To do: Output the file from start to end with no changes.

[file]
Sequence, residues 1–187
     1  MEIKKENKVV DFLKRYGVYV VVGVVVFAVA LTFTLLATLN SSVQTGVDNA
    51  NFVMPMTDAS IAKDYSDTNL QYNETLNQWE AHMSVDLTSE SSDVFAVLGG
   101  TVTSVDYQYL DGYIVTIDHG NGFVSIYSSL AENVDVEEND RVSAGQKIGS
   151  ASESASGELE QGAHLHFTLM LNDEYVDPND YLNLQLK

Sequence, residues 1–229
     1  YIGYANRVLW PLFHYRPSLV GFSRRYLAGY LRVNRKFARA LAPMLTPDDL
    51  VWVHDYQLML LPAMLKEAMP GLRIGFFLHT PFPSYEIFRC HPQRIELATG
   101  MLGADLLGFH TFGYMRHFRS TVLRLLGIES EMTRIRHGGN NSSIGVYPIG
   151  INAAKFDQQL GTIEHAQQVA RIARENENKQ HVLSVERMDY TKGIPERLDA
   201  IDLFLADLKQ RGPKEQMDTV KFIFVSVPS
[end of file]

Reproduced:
Sequence, residues 1–187
     1  MEIKKENKVV DFLKRYGVYV VVGVVVFAVA LTFTLLATLN SSVQTGVDNA
    51  NFVMPMTDAS IAKDYSDTNL QYNETLNQWE AHMSVDLTSE SSDVFAVLGG
   101  TVTSVDYQYL DGYIVTIDHG NGFVSIYSSL AENVDVEEND RVSAGQKIGS
   151  ASESASGELE QGAHLHFTLM LNDEYVDPND YLNLQLK

Sequence, residues 1–229
     1  YIGYANRVLW PLFHYRPSLV GFSRRYLAGY LRVNRKFARA LAPMLTPDDL
    51  VWVHDYQLML LPAMLKEAMP GLRIGFFLHT PFPSYEIFRC HPQRIELATG
   101  MLGADLLGFH TFGYMRHFRS TVLRLLGIES EMTRIRHGGN NSSIGVYPIG
   151  INAAKFDQQL GTIEHAQQVA RIARENENKQ HVLSVERMDY TKGIPERLDA
   201  IDLFLADLKQ RGPKEQMDTV KFIFVSVPS